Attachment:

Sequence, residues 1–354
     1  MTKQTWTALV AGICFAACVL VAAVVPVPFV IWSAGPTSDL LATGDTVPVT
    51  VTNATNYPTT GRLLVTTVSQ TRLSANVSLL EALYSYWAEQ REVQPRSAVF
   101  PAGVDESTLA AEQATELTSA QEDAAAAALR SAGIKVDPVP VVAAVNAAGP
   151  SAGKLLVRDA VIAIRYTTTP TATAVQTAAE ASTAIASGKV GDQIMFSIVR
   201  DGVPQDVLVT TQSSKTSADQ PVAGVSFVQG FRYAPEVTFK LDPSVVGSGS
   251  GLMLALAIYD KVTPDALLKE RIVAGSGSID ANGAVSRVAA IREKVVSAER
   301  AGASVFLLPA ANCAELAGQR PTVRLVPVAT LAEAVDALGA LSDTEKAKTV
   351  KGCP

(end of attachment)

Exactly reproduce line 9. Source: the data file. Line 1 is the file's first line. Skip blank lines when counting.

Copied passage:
   351  KGCP